Korea-Vietnam 2022-2023 Speaker Series

Si in the East, Thi in the South (東詩, 詩南)

Vernacularizing Sinitic Poetry in Early Modern Korea and Vietnam

November 17, 2022, 6:00 PM, Los Angeles
Zoom Webinar

Presented by Ross King

Dr. Keith Taylor is Professor of Sino-Vietnamese Studies in the Asian Studies Department of Cornell University. He has published books and articles on Vietnamese history and literature. After serving with the US Army in Vietnam he completed his doctoral studies at the University of Michigan in 1976. He subsequently taught in Japan for three years, in Singapore for six years, and at Hope College for two years . He has been at Cornell since 1989. In recent years, his research interest has been oriented toward the early phase of writing Vietnamese poetry in demotic prosodic modes during the 16th and 17th centuries.
180921 Ross King-00019
Dr. Ross King is Professor of Korean at the University of British Columbia. His research focuses on the cultural and social history of language, writing, and literary culture in Korea and in the Sinographic Cosmopolis more broadly, with a particular interest in comparative histories of vernacularization. He serves as Editor-in-Chief of Sungkyun Journal of East Asian Studies.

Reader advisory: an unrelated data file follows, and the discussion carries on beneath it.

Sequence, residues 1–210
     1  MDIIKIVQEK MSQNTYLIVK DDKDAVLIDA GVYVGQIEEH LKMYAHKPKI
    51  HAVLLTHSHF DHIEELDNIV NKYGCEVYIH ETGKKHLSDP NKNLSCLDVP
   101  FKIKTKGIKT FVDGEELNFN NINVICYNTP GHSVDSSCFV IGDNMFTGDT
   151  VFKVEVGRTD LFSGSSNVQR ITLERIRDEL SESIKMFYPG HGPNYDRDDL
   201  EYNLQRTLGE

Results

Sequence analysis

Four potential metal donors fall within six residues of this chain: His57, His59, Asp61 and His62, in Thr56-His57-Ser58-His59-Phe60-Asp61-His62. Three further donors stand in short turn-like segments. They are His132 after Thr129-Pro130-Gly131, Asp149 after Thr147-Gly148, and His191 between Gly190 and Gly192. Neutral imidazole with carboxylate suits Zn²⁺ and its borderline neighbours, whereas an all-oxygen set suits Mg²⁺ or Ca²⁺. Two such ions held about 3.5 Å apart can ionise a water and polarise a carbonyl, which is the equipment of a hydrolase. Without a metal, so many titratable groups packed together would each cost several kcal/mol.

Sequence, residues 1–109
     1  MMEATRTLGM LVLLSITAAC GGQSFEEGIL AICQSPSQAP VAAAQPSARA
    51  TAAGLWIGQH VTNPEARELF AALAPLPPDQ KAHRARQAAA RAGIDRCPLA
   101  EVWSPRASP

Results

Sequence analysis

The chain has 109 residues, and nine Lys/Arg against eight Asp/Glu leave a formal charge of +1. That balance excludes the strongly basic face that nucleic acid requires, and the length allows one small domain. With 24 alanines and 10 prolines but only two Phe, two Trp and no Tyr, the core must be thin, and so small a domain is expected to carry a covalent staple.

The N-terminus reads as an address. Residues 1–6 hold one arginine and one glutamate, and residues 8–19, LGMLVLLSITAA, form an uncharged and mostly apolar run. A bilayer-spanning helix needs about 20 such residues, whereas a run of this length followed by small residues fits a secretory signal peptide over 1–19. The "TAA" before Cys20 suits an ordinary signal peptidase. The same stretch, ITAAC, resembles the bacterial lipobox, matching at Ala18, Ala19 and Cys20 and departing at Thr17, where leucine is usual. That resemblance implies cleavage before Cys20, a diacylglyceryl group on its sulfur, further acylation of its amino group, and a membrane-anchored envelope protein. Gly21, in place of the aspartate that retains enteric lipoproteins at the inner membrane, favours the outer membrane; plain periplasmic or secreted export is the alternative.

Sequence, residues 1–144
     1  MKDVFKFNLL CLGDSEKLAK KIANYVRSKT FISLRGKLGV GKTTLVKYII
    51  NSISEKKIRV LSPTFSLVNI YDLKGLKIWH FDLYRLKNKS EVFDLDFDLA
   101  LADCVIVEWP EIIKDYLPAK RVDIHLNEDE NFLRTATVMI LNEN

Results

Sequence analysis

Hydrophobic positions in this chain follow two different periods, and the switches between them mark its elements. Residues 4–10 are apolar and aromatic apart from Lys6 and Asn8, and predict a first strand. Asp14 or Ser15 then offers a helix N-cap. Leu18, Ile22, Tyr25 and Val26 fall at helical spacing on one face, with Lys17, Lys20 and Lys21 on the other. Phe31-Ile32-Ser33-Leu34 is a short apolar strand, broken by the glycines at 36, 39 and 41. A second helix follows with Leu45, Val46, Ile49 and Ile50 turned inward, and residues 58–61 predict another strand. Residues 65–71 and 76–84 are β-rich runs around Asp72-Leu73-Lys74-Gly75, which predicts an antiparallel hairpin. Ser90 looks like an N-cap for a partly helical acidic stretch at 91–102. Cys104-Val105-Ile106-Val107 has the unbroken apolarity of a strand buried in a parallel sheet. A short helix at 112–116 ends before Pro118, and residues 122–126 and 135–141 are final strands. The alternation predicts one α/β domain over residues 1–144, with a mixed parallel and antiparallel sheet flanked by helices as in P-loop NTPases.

University of British Columbia

Joined by Keith Taylor

Cornell University

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In this paper I make a preliminary and tentative attempt at comparing the ways in which vernacularized forms of Sinitic poetry (詩) were developed in Korea and Vietnam in the 17th-19th centuries. Taking my cue from Taylor (2008, 2020) and especially his consideration of “poems in demotic modes” and the quest for a “high-register vernacular voice,” I compare a range of hybridized and vernacularized forms of Sinitic poetry in Vietnam from the 16th and 17th centuries to analogous “irregular” or “anomalous” Sinitic poetry (soakpu 小樂府, kwach’esi 科體詩, pyŏnch’esi 變體詩, p’agyŏksi 破格詩, ŏnmun p’ungwŏl 諺文風月, yuktam p’ungwŏl 肉談風月, etc.) poems from late Chosŏn Korea and Korea’s Enlightenment Period (18th – early 20th centuries), as studied, for example, in Yi Kyuho (1986) and more recently in Pak Chongu (2009), Ku Sahoe (2015), and Sim Kyŏngho (2018). Questions addressed are the prosodic features of different types of vernacularized Sinitic poetry, the extent and varieties of vernacular accommodation, the extent to which the Korean examples sought to create a “vernacularized Sinitic voice,” and the fate of such poetry, both within contemporary generic hierarchies and in modern scholarship.